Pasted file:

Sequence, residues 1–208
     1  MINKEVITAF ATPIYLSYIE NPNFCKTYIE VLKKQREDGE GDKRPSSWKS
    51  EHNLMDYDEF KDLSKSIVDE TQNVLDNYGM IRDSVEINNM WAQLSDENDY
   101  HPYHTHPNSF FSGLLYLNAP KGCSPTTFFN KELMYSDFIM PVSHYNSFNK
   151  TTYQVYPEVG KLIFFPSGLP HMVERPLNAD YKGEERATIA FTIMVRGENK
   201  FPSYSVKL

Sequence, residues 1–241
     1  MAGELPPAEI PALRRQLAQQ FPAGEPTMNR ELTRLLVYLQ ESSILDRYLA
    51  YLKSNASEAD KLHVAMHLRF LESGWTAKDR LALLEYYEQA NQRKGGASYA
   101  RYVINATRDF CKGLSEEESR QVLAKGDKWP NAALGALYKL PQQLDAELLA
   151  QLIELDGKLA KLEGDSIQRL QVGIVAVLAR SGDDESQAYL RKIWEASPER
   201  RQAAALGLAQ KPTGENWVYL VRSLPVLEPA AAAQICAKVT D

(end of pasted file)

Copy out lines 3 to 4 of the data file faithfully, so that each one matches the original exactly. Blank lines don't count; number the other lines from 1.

    51  EHNLMDYDEF KDLSKSIVDE TQNVLDNYGM IRDSVEINNM WAQLSDENDY
   101  HPYHTHPNSF FSGLLYLNAP KGCSPTTFFN KELMYSDFIM PVSHYNSFNK